New York State Court of Claims

New York State Court of Claims
MALIK v. THE STATE OF NEW YORK, # 2010-032-127, Claim No. 118139, Motion Nos. M-78160, M-78161

Synopsis

Case information

UID: 2010-032-127
Claimant(s): ABDUL-JABBOR MALIK
Claimant short name: MALIK
Footnote (claimant name) :
Defendant(s): THE STATE OF NEW YORK
Footnote (defendant name) :
Third-party claimant(s):
Third-party defendant(s):
Claim number(s): 118139
Motion number(s): M-78160, M-78161
Cross-motion number(s):
Judge: JUDITH A. HARD
Claimant's attorney: Abdul-Jabbor Malik, Pro Se
Defendant's attorney: Hon. Andrew M. Cuomo, NYS Attorney General
By: Carol A. Cocchiola, Assistant Attorney General, Of Counsel
Third-party defendant's attorney:
Signature date: August 17, 2010
City: Albany
Comments:
Official citation:
Appellate results:
See also (multicaptioned case)

Decision

Defendant moves this Court for an order dismissing the claim for failure to state a cause of action upon which relief can be granted. Claimant has not submitted any opposition to the motion. However, claimant filed an Amended claim on April 21, 2010. In addition, claimant moves, by separate motion, for an order granting summary judgment. Defendant opposes claimant's motion for summary judgment on the basis that claimant has failed to make a prima facie entitlement of judgment as a matter of law, has failed to tender sufficient admissible proof showing the existence of a material issue of fact, and failed to include a copy of the pleadings in the papers supporting his motion. In the interest of judicial economy, the Court will consider defendant's to dismiss as one seeking dismissal of the Amended claim. For the reasons set forth below, the Court grants defendant's motion to dismiss and dismisses Claim No. 118139.

Claimant's motion for summary judgment is denied as moot.

CPLR 2101 provides that each paper served or filed shall be legible. The pleadings shall consist of plain and concise statements in consecutively numbered paragraphs, with each paragraph containing, as far as practicable, a single allegation (CPLR 3014). The statements in each pleading shall be sufficiently particular to give the Court and the parties notice of transactions, occurrences or series of transactions or occurrences, intended to be proved and the material elements of each cause of action (CPLR 3013).

Court of Claims Act 11(b) requires that a claim state the time and place where such claim arose, the nature of the same, and the items of damage or injuries claimed to have been sustained and, except in an action to recover damages for personal injury, medical, dental or podiatric malpractice or wrongful death, the total sum claimed. The purpose behind 11 (b) of the Court of Claims Act is to provide the State with "a sufficiently detailed description of the particulars of the claim to enable it to investigate and promptly ascertain the existence and extent of its liability" (Matter of O'Shea v State of New York, 36 AD3d 706, 707 [2d Dept 2007]).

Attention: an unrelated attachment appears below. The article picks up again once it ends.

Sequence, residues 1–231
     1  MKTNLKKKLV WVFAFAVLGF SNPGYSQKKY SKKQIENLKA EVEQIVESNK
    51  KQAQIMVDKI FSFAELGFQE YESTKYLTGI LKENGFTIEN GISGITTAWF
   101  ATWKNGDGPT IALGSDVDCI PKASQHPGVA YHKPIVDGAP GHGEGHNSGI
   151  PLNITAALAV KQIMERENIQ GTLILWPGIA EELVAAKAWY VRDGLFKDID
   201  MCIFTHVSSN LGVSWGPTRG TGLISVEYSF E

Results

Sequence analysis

The rules of pleadings are to be interpreted liberally, especially where, as here, the submissions are by a pro se litigant (see Ali v State of New York, Sise, J., Claim No. 110988, Motion Nos. M-70517, M-70665, CM-70622, UID #2006-028-516 [Ct Cl, February 7, 2006]); see also Campaign for Fiscal Equity v State of New York, 86 NY2d 307 [1995]). However, some common sense limits need to be recognized, as counsel should not have to attempt to unearth separate and distinct causes of action in order to prepare a clear and concise answer (see Jacoby v State of New York, Moriarty, J., Claim No. 112544, Motion No. M-72226, UID # 2006-037-025 [Ct Cl, October 3, 2006]; see also Hodge v State of New York, 213 AD2d 766 [3d Dept 1995]).

As set forth in defendant's motion to dismiss, the handwriting of the claim is largely illegible such that it is difficult to decipher many of the words and statements in order to determine the nature of the alleged causes of action and the allegations in support thereof, as well as the date(s) of accrual. In addition, the random words and statements that can be deciphered are confusing, incomplete and unintelligible. Based upon the foregoing, the Court finds that claimant has failed to satisfy the pleading requirements of the CPLR and the Court of Claims Act, thereby depriving this Court of subject matter jurisdiction.

Defendant's motion to dismiss is granted and Claim No. 118139 is hereby dismissed. Claimant's motion for summary judgment (M-78161) is denied as moot. However, even if the Court were not to dismiss the claim, claimant's motion for summary judgment would be denied, based upon claimant's failure to attach all of the pleadings to his motion pursuant to CPLR 3212 (b) and his failure to set forth a prima facie showing of entitlement of judgment as a matter of law (see Winegrad v New York University Medical Center, 64 NY2d 851 [1985]).

August 17, 2010

Albany, New York

JUDITH A. HARD

Judge of the Court of Claims

Papers Considered:

Motion No. M-78160

1. Notice of Motion and Affirmation of Carol A. Cocchiola, dated April 15, 2010, with Exhibit.

Motion No. M-78161

1. Notice of Motion for Summary Judgment, sworn to by claimant on April 14, 2010; Affidavit of Claimant, sworn to March 24, 2010;

2. Affirmation in Opposition of Carol A. Cocchiola, AAG, dated April 29, 2010, with Exhibits.

Papers Filed: Claim, filed March12, 2010; Order of Hon. Richard E. Sise, Presiding Judge, filed April 2, 2010; Verified Answer, filed April 16, 2010; Amended Claim, filed April 21, 2010; and Verified Answer to Amended Claim, filed May 26, 2010